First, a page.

Science Seen Time One author Colin Gillespie helps you understand the physics of your world.
With a new way to measure space we may learn why it is expanding.
These are exciting times. Every few months astronomy surprises us with insights into ancient secrets.
New telescopes are scanning galaxies throughout the visible universe. Most galaxies are mind-bogglingly far away. Exactly how far has long been a fundamental issue. But we just got a whole new way to measure it.
Today the universe is much bigger than it was in this Planck-satellite image from almost fourteen billion years ago, a few hundred thousand years after it began. It’s not that the universe now has more matter: It has about a thousand-fold more space.
In 1908 American astronomer Henrietta Leavitt devised a method for measuring vast expanses of space. Called a standard candle, it used a kind of variable star. Each star’s absolute brightness is related to its period of variation, which she could measure and use to calculate its distance.
Leavitt extended our direct grasp of distance from one hundred light years to ten million, far beyond our own galaxy. She paved the way for Edwin Hubble’s famous measurements that revealed an expanding universe.
One might say Leavitt launched the practice and then Einstein launched the theory of cosmology. She is (no surprise) a mostly unsung hero.
Other kinds of standard candles now extend measurements of distance to the farthest reaches of the universe—but have uncertainties of 25% or more. This lack of precision hampers understanding.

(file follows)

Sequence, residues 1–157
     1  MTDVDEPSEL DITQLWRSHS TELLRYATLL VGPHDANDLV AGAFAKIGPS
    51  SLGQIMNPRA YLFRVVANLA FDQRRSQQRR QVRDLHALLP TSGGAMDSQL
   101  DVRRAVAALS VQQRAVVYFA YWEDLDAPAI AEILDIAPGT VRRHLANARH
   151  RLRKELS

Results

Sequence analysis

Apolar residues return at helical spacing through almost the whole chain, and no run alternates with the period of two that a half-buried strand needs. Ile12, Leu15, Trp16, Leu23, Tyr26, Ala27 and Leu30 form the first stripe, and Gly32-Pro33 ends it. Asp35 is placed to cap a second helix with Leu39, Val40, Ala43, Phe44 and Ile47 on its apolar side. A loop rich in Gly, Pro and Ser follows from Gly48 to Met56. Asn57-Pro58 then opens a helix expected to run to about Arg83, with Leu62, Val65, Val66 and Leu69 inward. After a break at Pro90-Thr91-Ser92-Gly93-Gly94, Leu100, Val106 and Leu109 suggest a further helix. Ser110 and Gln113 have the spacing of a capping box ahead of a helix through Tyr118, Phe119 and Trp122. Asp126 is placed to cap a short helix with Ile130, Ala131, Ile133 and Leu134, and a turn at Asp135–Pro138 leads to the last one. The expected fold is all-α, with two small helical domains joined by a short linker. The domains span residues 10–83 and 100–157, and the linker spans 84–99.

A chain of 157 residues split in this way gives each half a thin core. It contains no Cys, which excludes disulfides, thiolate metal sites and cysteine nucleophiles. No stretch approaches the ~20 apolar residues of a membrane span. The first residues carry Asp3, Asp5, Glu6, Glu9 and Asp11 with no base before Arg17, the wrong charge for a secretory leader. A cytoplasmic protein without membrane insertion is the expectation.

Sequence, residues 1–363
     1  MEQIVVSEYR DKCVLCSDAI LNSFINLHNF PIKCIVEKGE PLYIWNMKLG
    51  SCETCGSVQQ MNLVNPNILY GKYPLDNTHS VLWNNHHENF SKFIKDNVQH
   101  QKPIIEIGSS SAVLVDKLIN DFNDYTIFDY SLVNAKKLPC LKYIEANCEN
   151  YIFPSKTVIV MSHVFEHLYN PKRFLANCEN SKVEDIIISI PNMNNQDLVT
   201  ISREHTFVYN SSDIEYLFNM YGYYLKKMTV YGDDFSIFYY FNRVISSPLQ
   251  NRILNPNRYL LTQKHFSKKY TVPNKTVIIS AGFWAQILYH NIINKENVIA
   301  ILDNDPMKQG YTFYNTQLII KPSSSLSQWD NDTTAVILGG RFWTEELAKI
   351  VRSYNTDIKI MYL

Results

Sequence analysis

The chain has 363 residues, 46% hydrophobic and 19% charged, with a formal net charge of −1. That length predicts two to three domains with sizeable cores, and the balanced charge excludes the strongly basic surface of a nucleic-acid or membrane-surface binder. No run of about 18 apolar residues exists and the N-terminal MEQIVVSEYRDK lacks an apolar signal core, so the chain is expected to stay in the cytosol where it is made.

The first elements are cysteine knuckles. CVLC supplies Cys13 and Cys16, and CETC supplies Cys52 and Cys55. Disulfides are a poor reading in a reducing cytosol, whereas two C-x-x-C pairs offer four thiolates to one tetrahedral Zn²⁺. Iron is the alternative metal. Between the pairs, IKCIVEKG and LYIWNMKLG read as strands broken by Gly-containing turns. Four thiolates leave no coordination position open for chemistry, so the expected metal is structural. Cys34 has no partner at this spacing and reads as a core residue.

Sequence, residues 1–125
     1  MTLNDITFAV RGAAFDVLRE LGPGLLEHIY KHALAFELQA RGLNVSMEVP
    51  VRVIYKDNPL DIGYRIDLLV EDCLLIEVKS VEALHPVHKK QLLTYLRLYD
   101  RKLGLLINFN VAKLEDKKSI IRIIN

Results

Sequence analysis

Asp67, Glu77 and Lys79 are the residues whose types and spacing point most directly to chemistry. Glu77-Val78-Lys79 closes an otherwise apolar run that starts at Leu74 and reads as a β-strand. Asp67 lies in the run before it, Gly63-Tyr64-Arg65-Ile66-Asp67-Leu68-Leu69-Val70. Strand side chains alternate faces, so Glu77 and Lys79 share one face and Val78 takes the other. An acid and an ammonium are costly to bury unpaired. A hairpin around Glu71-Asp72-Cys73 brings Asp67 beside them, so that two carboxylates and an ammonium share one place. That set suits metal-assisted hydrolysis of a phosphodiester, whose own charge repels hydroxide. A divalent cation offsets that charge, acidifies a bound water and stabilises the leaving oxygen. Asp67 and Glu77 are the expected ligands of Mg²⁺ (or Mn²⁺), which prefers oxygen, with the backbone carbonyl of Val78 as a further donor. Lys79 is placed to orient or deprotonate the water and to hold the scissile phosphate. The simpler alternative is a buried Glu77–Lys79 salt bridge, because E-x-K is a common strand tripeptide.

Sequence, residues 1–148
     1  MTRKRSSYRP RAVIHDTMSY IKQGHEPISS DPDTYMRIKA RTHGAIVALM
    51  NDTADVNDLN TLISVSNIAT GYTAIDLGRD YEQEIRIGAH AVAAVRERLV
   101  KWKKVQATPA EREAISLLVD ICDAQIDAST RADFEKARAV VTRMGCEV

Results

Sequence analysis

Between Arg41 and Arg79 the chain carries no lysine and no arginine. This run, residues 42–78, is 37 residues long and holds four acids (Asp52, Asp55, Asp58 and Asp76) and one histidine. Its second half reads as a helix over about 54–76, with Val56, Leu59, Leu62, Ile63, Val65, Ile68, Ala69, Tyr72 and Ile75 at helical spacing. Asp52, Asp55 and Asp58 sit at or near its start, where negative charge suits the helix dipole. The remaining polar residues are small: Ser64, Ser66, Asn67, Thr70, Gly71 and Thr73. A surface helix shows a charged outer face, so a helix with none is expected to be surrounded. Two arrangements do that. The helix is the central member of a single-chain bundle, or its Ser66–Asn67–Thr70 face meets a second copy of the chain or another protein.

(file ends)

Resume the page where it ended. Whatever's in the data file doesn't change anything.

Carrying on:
A new kind of astronomy offers a much more precise kind of standard candle. Its reach is at least three hundred million light years.
Einstein and Leavitt would both have been delighted by how it arrived. More than a hundred million years ago two dead stars made mostly of neutrons—each with more mass than our Sun and the diameter of Nashville, each spinning maybe twenty times a second while in close frenzied orbit round the other—kissed and instantly smashed. In the next minute the smash released more energy than a billion galaxies of a hundred billion stars each.
Momentarily this event put out maybe one percent of the total energy of all the stars in the visible universe. Six months ago, waves of that energy arrived at Earth.
This collision was not an unusual event. What was unusual was the world’s astronomers saw it, because they knew where and when to watch. They had rushed to their telescopes because detection of gravitational waves from the final frenzy—ripples distorting the fabric of space itself——gave notice of the impending collision and showed where it could be seen in the sky.
Astronomers can learn a lot from watching a neutron star collision with measurements from many different instruments. For example, they saw signs it set off an exotic nuclear reaction that transmuted iron into gold—enough for a solid planet-sized nugget.
With this same event astronomy struck gold of a different kind: These measurements confirm math (based on Einstein’s theory) that predicted a wide range of signals expected from a two-neutron-star collision. Almost unnoticed in the torrent of discoveries is that built into the math is a direct and precise measure of its distance from us.
This may prove to be the most significant discovery of them all. For starters it provides a better calibration for the longest-distance standard candles. And it is a standard candle in its own right, though maybe a relatively rare one.
Space has been expanding since the dawn of time. This may be our best clue to how the universe began.
Precisely measuring vast distances allows us to better study not only how fast space is expanding—currently a controversial question—but also how the speed of expansion has been increasing.
And to ask that most curious of questions: Why?
European Space Agency; http://www.esa.int/spaceinimages/Images/2013/03/Planck_CMB
LIGO Scientific Collaboration; https://www.ligo.org/detections/GW170817.php